Support from parents and guardians is essential for children and youth, especially if they are to be able to develop to their full potential and pursue their interests and dreams. This support also has a ripple effect on those around them. For instance, a father supporting his son in his pursuit of new interests or activities.
Here, we see how a father’s support for his son’s participation in Pass It Back activities have been a key factor in his son’s development from a Pass It Back player to a Pass It Back coach, and how he has become a healthier and more capable young man.
Ananalet Sadsapho is 52 years old, and he lives in Wattay Noita Village, Sikhottabong District, Vientiane. He is a public servant working for the Tax Office. He is also the father of Boddy, who is a Pass It Back coach with the Lao Rugby Federation.
He told us how he first heard about rugby through his son, who told him about how he signed up to play rugby when an LRF coach – called Tam – came to his school to run Pass It Back sessions and start a tag rugby team there. After her joined up, his son began training all the time.
He wanted his son to play rugby because he himself likes to play sport, like rattan ball, pétanque, and football. However, he also listened keenly to his son as he told him all about rugby, how it is played, what it is like, and that he is playing the tag version of rugby, not the full-contact version.
He also told us “I see my son’s dedication to his training and how much he has developed and matured. Before, he was not a very strong boy, and was often not well, but after he started playing rugby, he stopped getting sick and hurt and became much more fit and healthy.
I have been watching my son closely, and sometimes I even go and watch him play in competitions– he plays on a team called the “Pitbulls”, which is his school team. Each morning my son gets up at 6:30 am to go study and play.”
Along with his son’s news about his trainings in Vientiane, he also heard about how his son travelled to Xieng Khouang province to compete in a Pass It Back tournament organised by the Lao Rugby Federation (LRF), which had teams from Vientiane, Xieng Khouang, and Vietnam.
His son’s team finished fourth overall. He didn’t feel angry or upset with his son but he had a talk with him to support him, saying “It’s okay, next time you can give it all, and you still have much time to improve.” After attending the competition in Xieng Khouang, Boddy attended a camp in Vang Vieng as a support coach and was put in charge of the P&T Women’s Youth Team from Phonethan Secondary School.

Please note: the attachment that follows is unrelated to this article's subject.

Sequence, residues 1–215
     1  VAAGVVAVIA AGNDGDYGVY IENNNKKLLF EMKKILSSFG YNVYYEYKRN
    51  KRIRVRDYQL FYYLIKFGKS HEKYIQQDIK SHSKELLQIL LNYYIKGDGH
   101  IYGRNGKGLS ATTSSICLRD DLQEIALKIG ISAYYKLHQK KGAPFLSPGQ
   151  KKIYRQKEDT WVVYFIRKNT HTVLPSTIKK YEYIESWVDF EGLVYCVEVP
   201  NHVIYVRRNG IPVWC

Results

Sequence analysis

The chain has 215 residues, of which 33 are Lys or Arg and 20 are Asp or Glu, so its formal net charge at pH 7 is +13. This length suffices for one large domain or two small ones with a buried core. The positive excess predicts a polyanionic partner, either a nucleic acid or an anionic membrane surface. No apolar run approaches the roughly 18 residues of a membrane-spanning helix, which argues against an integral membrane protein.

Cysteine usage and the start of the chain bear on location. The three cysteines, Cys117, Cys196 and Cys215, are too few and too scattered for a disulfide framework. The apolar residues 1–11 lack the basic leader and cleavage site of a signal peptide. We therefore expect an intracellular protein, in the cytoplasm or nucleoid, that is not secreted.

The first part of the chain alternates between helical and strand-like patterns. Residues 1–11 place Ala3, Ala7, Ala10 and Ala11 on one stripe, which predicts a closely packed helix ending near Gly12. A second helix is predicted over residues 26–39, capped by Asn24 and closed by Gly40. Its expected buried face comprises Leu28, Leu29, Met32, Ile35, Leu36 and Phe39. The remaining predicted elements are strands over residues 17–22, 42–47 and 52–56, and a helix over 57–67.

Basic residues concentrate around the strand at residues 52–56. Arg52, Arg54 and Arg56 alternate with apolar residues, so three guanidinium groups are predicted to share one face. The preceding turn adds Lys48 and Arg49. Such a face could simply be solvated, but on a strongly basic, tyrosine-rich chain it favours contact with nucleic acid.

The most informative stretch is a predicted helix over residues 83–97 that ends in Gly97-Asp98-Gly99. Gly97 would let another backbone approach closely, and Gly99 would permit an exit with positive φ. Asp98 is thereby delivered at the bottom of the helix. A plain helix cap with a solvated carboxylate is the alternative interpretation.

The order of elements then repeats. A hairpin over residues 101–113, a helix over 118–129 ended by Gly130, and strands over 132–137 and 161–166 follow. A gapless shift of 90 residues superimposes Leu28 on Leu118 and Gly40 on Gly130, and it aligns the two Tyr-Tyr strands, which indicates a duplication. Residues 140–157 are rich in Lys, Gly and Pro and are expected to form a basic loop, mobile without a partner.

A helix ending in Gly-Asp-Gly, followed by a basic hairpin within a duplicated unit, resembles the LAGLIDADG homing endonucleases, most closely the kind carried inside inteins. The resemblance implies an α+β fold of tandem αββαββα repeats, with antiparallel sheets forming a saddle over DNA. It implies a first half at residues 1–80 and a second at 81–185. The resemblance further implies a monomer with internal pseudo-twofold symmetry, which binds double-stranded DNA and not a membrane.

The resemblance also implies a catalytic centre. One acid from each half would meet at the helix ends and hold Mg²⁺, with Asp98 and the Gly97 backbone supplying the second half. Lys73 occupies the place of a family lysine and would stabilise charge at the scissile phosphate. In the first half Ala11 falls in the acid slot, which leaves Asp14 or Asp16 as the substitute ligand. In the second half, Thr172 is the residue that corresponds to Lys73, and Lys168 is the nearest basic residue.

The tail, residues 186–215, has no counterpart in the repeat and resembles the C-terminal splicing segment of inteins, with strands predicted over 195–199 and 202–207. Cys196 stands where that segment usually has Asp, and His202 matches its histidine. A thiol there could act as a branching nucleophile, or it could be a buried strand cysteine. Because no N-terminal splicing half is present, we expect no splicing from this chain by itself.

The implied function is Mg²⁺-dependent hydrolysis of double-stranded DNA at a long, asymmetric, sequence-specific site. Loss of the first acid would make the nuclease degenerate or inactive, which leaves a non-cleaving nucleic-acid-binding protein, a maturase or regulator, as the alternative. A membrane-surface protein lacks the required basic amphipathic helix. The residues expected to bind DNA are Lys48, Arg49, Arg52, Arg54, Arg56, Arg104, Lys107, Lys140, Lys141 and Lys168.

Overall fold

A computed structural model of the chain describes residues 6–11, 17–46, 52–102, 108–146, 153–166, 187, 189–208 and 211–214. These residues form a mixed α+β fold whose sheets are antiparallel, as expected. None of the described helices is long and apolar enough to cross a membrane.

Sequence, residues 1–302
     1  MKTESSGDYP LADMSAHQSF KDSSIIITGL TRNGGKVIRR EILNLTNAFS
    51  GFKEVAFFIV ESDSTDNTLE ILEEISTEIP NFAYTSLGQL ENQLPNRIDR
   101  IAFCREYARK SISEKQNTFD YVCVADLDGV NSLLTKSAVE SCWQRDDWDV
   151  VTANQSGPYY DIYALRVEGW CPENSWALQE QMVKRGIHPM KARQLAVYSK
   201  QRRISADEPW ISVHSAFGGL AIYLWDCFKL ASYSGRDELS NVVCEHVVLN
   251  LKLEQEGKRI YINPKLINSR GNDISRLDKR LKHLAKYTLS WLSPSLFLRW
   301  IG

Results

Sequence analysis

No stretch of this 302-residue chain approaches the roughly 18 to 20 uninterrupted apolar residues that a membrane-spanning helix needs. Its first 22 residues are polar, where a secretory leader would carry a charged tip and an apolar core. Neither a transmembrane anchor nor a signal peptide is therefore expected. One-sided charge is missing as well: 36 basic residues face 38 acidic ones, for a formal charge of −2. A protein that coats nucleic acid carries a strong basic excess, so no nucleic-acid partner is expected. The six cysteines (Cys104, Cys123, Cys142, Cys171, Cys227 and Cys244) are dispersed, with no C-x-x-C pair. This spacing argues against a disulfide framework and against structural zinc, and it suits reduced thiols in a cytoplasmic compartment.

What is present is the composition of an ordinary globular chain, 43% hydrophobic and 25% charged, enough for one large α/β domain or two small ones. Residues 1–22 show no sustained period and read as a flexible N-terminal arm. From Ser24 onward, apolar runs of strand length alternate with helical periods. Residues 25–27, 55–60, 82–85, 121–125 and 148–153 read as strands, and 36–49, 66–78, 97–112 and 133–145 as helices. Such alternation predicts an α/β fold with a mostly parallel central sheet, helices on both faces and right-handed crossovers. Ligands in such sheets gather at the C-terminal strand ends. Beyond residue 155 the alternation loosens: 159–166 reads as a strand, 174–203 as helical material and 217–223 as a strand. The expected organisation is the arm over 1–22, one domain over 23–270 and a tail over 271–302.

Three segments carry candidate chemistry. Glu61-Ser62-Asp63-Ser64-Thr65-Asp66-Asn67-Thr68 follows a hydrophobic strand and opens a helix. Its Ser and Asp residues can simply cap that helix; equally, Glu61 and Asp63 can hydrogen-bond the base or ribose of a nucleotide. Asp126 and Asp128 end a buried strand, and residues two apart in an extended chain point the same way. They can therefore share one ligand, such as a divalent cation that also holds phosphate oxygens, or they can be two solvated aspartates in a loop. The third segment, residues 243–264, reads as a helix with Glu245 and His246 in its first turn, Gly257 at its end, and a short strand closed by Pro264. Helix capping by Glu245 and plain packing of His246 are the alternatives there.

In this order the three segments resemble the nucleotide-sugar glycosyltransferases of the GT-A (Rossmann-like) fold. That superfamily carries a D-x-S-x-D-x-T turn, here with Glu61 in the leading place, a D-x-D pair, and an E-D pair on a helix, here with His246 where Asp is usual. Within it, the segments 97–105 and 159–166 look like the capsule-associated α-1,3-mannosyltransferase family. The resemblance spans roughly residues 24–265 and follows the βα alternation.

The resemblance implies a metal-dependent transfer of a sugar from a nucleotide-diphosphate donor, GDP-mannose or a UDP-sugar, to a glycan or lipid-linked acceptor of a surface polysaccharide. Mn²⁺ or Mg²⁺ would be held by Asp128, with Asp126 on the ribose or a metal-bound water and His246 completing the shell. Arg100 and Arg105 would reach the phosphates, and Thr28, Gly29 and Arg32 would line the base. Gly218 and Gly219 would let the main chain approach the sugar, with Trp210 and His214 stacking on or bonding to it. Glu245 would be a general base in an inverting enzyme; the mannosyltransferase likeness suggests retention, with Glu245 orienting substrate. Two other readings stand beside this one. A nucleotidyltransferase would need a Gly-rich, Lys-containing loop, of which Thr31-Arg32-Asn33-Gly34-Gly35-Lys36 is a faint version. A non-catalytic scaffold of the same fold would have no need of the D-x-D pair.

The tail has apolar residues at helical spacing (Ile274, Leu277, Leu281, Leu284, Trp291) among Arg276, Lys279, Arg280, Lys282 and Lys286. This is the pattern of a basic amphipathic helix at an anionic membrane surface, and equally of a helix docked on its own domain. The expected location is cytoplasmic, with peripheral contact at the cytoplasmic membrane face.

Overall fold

Boddy’s father felt very proud of him for being a part of the camp and taking on this role. He believes these experiences have changed his life significantly, and his son has told him about many, such as: how to play tag rugby, how to be disciplined in one’s life, how to be respectful to others, and how to be a person of integrity, all of which he has learnt via participating in the Pass It Back curriculum.
While Boddy’s father was telling us about his son, he expressed his gratitude to the Lao Rugby Federation, ChildFund, and to the Australia Embassy for supporting such good activities for youth and children, such as his son, and for providing them with many new experiences to learn from.
Boddy’s father also supports his son’s rugby endeavours. He also hopes rugby can grow and expand into new areas in Laos, especially as a sport like rugby can be a powerful tool to keep youth away from drugs and other negative behaviours.
He also hopes there will be lost of tag rugby competitions held in order to give players and coaches lots of experience, and so that they can develop themselves together. He hopes that, in the future, his son will improve even more and become an accomplished tag rugby player, maybe even playing for the Lao Men’s National Rugby Team. To do so, ‘we’ must train hard and listen to ‘our’ coaches.
This case studies gives us an idea of how parents and guardians of players participating in Pass It Back activities support and encourage their children to play. This support is integral to the implementation of the Pass It Back curriculum; without it, Pass It Back could not happen.
In this case study we can also see how one of our players has developed through his participation in Pass It Back activities, through rugby and life skills instruction and training, through playing tag rugby, and through various other activities. Through Boddy’s father’s eyes, we see how much his son has changed, to the point where he is now a coach, and is training his own team and his own players.
This case study is written by staff or Coaches supporting the Pass It Back program.
Pass It Back is an innovative Sport for Development program led by ChildFund in partnership with World Rugby, Asia Rugby and Women Win. The program aims to equip children and young people in Asia to overcome challenges, inspire positive social change and ‘pass it back’ to their communities.
Using Get Into Rugby, a World Rugby program to grow the Game globally, the program gets children and youth to Try, Play and Stay in the Game. It is a part of the Impact Beyond Rugby World Cup 2019 programme (‘Impact Beyond 2019’), which will increase awareness and sustainable growth of rugby in Asia.
Pass It Back delivers an integrated rugby and life skills curriculum in a safe environment that promotes the values of the Game and builds a new generation of leaders in disadvantaged communities across Asia.